Teaching writing should begin with a vision and a plan for achieving writing success. Teaching writing should begin with the end in mind. This allows the teacher to be clear on writing goals and writing expectation. When writing goals and expectations are clear for the teacher, students do not perceive their writing assignments as busy work. Below you will find a few resources that will help you learn how to begin with the end in mind with your writing instruction.

Four Resources for Teaching Writing and Beginning with the End in Mind

The first resource is Stephen R. Covey’s The Seven Habits of Highly Effective People. Habit #2 in this excellent book is “start with the end in mind.” Remember: Highly effective people make for highly effective teachers!

The second resource is Understanding by Design by Grant Wiggins and Jay McTighe. This book is an exciting new addition to understanding curriculum development though backwards design (also known as backwards planning). Once again, begin with the end in mind!

The third resource for mapping out what you wish to accomplish in your writing instruction is your state standards for English Language Arts. The state standards may seem a bit dry, but they do explain where your students have been and where you need to take them.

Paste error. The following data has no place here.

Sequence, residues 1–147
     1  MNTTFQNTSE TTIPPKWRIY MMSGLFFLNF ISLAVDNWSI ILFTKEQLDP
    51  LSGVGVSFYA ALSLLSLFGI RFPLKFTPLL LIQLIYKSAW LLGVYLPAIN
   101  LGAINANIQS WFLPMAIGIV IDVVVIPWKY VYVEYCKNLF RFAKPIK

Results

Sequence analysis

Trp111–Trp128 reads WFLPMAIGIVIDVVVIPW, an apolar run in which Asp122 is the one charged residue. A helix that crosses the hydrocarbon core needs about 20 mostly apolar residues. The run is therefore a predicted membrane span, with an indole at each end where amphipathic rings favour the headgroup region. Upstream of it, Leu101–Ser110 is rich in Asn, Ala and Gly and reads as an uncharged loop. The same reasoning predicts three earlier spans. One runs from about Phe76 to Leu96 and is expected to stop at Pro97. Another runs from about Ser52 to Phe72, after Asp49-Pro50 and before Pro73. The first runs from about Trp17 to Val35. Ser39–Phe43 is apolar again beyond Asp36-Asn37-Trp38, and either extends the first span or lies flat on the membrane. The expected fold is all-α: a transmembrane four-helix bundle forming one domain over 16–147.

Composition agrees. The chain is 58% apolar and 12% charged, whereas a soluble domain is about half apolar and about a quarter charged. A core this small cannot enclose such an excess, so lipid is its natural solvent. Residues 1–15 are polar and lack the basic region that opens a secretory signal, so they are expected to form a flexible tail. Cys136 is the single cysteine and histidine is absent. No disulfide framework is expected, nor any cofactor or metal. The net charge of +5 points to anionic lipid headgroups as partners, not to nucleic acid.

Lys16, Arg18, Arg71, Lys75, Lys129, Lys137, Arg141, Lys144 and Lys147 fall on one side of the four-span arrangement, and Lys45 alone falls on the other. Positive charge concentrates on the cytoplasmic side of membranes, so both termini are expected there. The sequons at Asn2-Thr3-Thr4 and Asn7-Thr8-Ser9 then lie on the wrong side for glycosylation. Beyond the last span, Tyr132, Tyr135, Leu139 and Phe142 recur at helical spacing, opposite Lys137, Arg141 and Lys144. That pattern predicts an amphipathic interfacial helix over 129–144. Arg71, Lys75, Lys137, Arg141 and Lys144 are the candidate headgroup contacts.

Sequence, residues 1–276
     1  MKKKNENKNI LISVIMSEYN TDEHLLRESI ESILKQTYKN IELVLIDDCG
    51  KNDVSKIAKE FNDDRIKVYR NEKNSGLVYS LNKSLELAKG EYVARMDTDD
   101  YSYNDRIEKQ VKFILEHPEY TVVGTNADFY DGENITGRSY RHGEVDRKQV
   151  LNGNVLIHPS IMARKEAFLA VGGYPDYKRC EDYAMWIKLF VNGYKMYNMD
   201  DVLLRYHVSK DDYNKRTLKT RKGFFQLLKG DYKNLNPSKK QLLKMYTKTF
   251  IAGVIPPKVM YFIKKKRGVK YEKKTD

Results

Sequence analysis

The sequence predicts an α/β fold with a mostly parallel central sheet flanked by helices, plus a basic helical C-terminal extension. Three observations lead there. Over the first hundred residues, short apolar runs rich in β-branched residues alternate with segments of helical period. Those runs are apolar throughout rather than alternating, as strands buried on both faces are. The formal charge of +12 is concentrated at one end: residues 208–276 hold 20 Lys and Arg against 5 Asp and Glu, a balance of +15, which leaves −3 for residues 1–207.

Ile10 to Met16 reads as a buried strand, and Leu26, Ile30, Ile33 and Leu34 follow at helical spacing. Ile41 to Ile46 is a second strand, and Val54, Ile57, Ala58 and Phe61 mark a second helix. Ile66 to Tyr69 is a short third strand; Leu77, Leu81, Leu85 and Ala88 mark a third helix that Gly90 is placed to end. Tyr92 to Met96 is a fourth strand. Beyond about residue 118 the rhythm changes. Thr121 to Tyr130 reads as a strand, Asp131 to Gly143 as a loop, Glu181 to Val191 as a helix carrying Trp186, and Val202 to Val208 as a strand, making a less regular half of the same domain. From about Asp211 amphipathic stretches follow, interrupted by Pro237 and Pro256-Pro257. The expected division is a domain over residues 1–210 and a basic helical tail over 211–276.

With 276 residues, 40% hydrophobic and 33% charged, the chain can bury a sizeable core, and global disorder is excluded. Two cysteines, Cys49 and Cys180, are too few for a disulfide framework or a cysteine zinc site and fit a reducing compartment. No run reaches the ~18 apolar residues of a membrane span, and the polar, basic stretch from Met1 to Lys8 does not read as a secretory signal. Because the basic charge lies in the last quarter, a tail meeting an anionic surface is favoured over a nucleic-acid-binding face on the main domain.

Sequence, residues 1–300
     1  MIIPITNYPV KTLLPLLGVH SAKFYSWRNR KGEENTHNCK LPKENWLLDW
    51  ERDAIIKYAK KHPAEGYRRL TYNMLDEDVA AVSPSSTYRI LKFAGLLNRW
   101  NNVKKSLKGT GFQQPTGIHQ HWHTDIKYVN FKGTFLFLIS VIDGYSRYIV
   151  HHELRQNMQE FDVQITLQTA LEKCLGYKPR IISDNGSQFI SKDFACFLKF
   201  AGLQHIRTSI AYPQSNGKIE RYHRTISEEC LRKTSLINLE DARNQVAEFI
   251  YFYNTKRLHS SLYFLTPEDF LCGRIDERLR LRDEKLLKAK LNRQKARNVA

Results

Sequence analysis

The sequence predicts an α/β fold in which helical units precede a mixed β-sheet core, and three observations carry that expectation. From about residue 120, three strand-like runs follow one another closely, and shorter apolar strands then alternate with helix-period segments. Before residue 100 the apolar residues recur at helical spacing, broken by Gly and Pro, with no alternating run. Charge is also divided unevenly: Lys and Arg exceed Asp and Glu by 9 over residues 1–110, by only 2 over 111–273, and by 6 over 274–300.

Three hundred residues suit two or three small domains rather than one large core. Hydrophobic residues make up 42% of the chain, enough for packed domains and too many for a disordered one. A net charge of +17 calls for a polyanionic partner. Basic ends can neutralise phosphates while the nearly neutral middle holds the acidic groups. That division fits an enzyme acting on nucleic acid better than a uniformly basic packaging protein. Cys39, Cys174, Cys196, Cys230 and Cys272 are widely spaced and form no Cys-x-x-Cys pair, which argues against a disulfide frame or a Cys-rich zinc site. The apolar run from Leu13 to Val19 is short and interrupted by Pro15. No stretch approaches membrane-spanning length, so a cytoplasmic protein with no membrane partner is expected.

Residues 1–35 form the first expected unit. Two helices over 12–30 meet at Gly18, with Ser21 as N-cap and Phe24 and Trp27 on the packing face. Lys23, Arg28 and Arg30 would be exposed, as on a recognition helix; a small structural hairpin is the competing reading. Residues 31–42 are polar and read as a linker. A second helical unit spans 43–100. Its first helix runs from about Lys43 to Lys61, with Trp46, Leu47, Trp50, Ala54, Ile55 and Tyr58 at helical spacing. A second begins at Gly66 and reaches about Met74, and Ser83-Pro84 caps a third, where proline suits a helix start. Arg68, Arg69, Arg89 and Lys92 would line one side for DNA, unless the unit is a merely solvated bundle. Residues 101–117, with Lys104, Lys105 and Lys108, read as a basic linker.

The fourth resource is a fantastic collection of elementary and middle school student writing samples all scored with an objective rubric.

Wishing You Total Writing Success!

Do you teach elementary school writing or teach struggling middle school writers? If you do, be sure to check out Pattern Based Writing: Quick & Easy Essay on the homepage. The entire program begins with the end in mind! It’s the fastest, most effective way to teach children multi-paragraph writing… Guaranteed!

If you don’t know where you are going, any road will get you there.
– Lewis Carroll –


If you don’t know where you are going, every road will get you nowhere.
– Henry A. Kissinger –


You cannot be lost on a road that is straight.
– Proverb –

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